The young “Commisario” detective Salve Montalbano, based in a village, solves mysterious crimes in Sicilia.
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Two homicide detectives, Christian Walker and Deena Pilgrim, are assigned to investigate cases involving people with superhuman abilities, referred to as “Powers.” Set amidst today’s paparazzi culture, Powers asks the questions, what if the world was full of superheroes who aren’t actually heroic at all? What if all that power was just one more excuse for mischief, mayhem, murder, and endorsement deals?
A Victorian-era Toronto detective uses then-cutting edge forensic techniques to solve crimes, with the assistance of a female coroner who is also struggling for recognition in the face of tradition, based on the books by Maureen Jennings.
Baek Shi-Yoon is an ex-secret agent. He is a well-trained human weapon. Hiding his past, he buys the bar “Neighborhood” and runs it is as the owner. He gets close to the neighborhood regulars at his bar and sympathizes with their pain. Baek Shi-Yoon meets a young man who works as a temporary employee. The young wants to become a police officer. Baek Shi-Yoon trains the young man as a secret agent and they fight together against evil.
The show follows the adventures of Miss Jane Marple, an elderly spinster living in the quiet little village of St Mary Mead. During her many visits to friends and relatives in other villages, Miss Marple often stumbles upon mysterious murders which she helps solve. Although the police are sometimes reluctant to accept Miss Marple’s help, her reputation and unparalleled powers of observation eventually win them over.
Quincy, M.E. is an American television series from Universal Studios that aired from October 3, 1976, to September 5, 1983, on NBC. It stars Jack Klugman in the title role, a Los Angeles County medical examiner.
Inspired by the book Where Death Delights by Marshall Houts, a former FBI agent, the show also resembled the earlier Canadian television series Wojeck, broadcast by CBC Television. John Vernon, who played the Wojeck title role, later guest starred in the third-season episode “Requiem For The Living”. Quincy’s character is loosely modelled on Los Angeles’ “Coroner to the Stars” Thomas Noguchi.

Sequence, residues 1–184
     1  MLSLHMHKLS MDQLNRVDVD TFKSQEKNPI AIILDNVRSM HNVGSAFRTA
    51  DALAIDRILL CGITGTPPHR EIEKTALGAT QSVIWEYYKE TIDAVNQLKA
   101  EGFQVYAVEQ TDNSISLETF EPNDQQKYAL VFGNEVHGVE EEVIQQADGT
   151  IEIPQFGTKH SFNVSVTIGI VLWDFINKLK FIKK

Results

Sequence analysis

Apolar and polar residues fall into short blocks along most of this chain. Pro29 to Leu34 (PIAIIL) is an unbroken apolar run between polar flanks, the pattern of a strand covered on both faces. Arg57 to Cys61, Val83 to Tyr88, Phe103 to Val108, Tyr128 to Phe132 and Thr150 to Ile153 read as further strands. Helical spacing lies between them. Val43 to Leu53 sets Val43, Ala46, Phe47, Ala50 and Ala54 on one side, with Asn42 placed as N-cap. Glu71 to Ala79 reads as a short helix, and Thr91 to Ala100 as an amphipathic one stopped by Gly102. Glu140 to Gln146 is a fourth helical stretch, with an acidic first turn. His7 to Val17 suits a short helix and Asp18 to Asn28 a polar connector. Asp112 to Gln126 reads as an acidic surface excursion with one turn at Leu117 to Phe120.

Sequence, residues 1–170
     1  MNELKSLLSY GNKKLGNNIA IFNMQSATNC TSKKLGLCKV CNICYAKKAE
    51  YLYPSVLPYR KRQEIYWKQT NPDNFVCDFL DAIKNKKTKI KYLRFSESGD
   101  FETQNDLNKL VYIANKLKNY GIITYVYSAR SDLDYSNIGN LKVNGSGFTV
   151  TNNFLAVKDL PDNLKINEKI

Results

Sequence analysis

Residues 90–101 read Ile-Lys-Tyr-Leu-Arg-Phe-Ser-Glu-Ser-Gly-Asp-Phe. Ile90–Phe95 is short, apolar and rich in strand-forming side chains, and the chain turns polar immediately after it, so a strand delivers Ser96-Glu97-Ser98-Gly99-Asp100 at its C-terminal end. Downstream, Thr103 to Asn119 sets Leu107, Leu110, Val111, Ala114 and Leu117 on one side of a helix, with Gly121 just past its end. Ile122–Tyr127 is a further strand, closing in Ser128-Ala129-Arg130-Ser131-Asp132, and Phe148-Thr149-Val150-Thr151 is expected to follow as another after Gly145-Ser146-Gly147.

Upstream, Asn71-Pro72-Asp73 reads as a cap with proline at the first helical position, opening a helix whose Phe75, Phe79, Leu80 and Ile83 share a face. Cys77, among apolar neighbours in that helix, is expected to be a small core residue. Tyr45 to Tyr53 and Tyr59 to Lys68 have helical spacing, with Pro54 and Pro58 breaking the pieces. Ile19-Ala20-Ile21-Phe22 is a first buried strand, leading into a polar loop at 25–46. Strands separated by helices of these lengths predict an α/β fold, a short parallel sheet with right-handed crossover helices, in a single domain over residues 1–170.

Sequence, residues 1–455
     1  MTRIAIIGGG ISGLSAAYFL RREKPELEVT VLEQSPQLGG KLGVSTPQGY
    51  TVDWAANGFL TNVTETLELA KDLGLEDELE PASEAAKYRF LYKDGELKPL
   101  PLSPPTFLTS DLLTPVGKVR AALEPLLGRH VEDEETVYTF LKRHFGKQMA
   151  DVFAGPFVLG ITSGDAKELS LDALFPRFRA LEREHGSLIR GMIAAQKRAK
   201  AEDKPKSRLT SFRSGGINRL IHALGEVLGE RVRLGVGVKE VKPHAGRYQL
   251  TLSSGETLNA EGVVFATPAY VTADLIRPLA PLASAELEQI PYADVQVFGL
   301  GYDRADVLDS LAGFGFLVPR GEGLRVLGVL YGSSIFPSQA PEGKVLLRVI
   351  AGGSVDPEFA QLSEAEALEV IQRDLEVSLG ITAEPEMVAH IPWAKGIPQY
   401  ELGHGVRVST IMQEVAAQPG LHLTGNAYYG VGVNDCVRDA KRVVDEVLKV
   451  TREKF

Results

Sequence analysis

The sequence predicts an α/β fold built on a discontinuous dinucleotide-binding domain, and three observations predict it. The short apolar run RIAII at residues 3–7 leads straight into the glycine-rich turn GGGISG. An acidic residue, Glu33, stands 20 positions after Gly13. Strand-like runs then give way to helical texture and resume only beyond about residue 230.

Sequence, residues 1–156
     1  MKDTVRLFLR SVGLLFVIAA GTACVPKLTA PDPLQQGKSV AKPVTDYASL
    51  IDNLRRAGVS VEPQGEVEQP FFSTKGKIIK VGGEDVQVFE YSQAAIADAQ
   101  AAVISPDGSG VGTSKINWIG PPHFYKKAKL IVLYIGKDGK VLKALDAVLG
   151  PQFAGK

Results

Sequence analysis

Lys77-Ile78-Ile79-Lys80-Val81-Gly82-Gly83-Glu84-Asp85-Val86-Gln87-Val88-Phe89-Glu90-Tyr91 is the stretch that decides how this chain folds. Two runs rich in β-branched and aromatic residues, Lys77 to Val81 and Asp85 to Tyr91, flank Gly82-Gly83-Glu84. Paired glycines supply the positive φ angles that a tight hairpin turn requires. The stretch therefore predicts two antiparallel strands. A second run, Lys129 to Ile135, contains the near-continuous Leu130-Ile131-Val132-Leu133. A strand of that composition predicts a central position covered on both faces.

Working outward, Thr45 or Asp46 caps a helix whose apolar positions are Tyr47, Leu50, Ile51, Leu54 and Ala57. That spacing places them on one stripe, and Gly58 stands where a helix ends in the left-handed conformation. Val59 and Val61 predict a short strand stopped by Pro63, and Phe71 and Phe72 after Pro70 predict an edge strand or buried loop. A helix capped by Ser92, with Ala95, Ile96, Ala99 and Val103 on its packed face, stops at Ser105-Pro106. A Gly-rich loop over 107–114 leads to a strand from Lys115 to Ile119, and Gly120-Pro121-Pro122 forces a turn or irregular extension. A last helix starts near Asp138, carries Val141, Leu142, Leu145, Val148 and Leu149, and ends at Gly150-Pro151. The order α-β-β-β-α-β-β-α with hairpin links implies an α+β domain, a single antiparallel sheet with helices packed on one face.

The first half of the first season of Quincy was broadcast as 90-minute telefilms as part of the NBC Sunday Mystery Movie rotation in the fall of 1976 alongside Columbo, McCloud, and McMillan. The series proved popular enough that midway through the 1976–1977 season, Quincy was spun off into its own weekly one-hour series. The Mystery Movie format was discontinued in the spring of 1977.
In 1978, writers Tony Lawrence and Lou Shaw received an Edgar Award from the Mystery Writers of America for the second-season episode “…The Thighbone’s Connected to the Knee Bone…”. Many of the episodes used the same actors for different roles in various episodes. For example, an actor who plays a crooked Navy captain also plays a ballistics expert in several of the later episodes. Using a small “pool” of actors was a common production trait of many Glen A. Larson TV programs. Before becoming a regular cast member as Quincy’s girlfriend-wife Dr. Emily Hanover in the 1982-1983 season, Anita Gillette had portrayed Quincy’s deceased first wife Helen Quincy in a flashback in a 1979 episode “Promises to Keep”.
Baywatch Nights is an American police and science fiction drama series that aired in syndication from 1995 to 1997. Created by Douglas Schwartz, David Hasselhoff, and Gregory J. Bonann, the series is a spin-off from the popular television series, Baywatch.
After a billionaire engineer witnesses his best friend’s murder, he takes charge of Chicago’s troubled 13th District and reboots it as a technically innovative police force, challenging the district to rethink everything about the way they fight crime.